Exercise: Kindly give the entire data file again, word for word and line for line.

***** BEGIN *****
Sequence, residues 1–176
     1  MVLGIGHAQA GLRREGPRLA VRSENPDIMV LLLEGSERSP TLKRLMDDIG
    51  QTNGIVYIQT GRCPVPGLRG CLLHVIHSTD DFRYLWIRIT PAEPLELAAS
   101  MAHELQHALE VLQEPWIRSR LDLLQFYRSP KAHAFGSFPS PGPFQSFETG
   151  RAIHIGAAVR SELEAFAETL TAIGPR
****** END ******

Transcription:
Sequence, residues 1–176
     1  MVLGIGHAQA GLRREGPRLA VRSENPDIMV LLLEGSERSP TLKRLMDDIG
    51  QTNGIVYIQT GRCPVPGLRG CLLHVIHSTD DFRYLWIRIT PAEPLELAAS
   101  MAHELQHALE VLQEPWIRSR LDLLQFYRSP KAHAFGSFPS PGPFQSFETG
   151  RAIHIGAAVR SELEAFAETL TAIGPR